Beijing and Moscow are trying their hands at attraction, and failing – miserably, writes Joseph S. Nye.
Containment is not the appropriate word to describe US policy towards China, writes Su Xiaohui. The US will probably define China as a major competitor in the world, not necessarily a major enemy.
China’s national defense white paper has caused a stir amongst China watchers. However, Chen Zhou explains that the white paper is not reason for concern, and instead provides a path for China’s continued peaceful development.
In the wake of the global economic crisis, and the dissatisfaction with democracy in many developing nations, leaders in Asia, Africa, and Latin America are studying the Chinese model far more closely.
The concern over terrorism is the least common denominator among advanced and emerging economies. Unipolar responses are no longer effective, as evidenced by the Boston marathon bombings. Multipolar counter-terrorist cooperation is essential to peaceful global order.
Zhou Bo writes that the success of General Martin Dempsey’s recent visit to China signals that both sides have thus far agreed to disagree, and that strategic mutual trust is deepening US-China military relations.
Throughout the recent tensions on the Korean Peninsula, it is often forgot that South Korea had an active nuclear program during the 1970s under Park Chung-hee. Given the provocations of Kim Jong-un, Ted Carpenter discusses the implications of a nuclear South Korea.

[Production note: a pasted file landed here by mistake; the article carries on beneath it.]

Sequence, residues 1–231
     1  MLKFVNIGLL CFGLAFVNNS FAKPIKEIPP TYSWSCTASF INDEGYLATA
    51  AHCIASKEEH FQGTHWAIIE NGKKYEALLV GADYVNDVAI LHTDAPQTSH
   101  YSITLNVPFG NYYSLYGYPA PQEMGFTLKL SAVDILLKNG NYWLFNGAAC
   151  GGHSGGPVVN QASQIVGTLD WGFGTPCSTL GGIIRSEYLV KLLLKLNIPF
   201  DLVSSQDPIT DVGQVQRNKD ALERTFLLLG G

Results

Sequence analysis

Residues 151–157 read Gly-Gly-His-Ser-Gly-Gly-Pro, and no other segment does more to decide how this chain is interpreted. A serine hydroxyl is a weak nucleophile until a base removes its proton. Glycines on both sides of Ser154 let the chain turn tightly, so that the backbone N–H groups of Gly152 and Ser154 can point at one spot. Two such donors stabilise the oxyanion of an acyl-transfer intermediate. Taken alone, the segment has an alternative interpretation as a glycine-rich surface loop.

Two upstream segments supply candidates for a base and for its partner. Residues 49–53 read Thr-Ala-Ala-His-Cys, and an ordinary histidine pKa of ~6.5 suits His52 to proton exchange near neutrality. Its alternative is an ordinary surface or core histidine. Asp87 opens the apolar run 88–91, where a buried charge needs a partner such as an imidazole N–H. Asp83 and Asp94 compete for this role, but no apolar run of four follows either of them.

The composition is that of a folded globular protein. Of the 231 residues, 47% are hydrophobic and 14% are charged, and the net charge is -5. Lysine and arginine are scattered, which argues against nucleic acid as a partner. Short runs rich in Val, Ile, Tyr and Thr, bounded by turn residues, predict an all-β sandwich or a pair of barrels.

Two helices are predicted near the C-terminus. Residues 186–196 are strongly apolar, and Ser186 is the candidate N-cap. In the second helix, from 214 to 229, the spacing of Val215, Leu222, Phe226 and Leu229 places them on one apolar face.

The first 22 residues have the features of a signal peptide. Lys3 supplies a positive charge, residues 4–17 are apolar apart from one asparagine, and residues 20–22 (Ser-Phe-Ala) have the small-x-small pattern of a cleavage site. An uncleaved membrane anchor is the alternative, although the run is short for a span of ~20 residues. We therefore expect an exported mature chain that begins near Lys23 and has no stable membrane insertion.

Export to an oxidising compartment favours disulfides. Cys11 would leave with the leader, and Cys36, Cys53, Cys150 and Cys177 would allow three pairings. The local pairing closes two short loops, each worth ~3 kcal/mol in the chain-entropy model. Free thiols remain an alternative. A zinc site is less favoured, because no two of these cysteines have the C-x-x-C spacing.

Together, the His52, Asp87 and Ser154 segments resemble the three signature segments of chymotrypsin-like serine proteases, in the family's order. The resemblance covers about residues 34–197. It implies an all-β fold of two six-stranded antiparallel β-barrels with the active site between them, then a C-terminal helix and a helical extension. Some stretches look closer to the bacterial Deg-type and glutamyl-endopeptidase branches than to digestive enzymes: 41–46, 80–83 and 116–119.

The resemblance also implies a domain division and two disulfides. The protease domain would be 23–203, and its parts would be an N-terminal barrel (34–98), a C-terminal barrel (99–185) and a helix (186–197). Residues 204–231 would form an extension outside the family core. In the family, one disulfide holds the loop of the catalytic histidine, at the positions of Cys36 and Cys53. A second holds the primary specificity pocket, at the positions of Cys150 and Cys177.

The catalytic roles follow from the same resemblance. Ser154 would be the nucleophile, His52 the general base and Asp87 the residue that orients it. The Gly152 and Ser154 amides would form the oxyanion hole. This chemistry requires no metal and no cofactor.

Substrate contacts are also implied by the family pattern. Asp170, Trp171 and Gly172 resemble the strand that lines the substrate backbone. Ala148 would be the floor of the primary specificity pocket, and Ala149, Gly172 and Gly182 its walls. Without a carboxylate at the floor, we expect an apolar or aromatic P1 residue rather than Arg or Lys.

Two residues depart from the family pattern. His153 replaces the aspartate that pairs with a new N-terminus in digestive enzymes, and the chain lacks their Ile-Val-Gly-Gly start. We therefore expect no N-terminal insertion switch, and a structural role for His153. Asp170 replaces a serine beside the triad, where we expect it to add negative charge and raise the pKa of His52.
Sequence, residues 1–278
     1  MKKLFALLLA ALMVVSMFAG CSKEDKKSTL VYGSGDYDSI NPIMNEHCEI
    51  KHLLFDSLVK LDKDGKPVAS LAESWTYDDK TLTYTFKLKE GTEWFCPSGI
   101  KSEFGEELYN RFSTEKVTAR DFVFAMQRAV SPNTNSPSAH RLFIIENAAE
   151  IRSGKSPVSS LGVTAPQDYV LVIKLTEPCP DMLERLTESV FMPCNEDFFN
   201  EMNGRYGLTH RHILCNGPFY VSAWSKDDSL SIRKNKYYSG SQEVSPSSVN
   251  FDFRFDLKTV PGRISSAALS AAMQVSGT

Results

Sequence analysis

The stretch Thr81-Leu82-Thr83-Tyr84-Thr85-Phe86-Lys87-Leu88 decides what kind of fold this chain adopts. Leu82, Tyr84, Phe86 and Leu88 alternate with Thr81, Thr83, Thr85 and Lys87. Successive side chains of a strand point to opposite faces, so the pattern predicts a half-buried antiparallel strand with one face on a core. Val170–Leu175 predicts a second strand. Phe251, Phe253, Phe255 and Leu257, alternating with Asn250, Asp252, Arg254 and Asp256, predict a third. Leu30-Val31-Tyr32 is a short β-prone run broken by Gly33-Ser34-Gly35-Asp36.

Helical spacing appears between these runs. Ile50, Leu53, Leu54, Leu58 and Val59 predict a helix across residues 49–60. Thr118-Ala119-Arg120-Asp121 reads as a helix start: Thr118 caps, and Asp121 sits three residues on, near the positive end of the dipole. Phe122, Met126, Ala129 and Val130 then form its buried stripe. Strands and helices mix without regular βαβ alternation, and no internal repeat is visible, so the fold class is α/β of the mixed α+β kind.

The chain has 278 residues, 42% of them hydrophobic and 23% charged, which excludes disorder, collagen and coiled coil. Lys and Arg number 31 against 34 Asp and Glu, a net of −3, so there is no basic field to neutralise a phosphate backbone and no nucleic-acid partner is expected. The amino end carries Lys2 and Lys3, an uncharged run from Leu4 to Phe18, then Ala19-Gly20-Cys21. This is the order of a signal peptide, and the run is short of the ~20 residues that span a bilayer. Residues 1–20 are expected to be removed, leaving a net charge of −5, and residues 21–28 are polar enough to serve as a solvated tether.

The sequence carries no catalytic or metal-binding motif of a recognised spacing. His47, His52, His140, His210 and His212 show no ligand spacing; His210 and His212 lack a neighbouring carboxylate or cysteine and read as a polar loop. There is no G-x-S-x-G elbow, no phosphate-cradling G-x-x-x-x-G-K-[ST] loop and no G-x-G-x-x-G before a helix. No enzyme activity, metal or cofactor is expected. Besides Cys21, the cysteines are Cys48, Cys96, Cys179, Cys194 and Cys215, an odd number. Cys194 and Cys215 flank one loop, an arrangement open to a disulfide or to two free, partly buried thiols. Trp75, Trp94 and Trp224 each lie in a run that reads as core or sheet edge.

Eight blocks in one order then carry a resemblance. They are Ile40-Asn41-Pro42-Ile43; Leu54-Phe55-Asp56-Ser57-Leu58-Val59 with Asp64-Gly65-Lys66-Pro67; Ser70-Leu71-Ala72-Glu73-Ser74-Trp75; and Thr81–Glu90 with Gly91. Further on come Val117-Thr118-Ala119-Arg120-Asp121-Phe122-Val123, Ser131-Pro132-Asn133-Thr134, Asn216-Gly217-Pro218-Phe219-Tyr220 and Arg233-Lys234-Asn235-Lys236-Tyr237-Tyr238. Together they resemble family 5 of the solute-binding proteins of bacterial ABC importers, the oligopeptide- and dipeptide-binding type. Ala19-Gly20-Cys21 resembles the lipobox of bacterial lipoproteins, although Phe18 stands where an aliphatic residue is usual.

Loan growth in China’s shadow-banking system has surged in recent months, but Andrew Sheng and Xiao Geng warn that without proper financial reforms this unregulated system could put the nation’s sustained growth at risk, threatening economic stability.
Why are Chinese leaders so paranoid about the United States? Ely Ratner attempts to answer this question and explains how the modernization of the People’s Liberation Army and changes to China’s national security environment will impact future relations with the US.
Escalating tensions on the Korean peninsula have put a renewed focus on nuclear threats. After the release last week of a Chinese white paper on defense, James Acton draws our attention the omission of China’s no-first-use policy and explains how this newly articulated position impacts the country’s nuclear policy.
25th January 2013
Thank you for visiting China US Focus. We are working to improve the site, and hope you will take a few minutes to complete this anonymous survey. Your valuable opinions are most appreciated.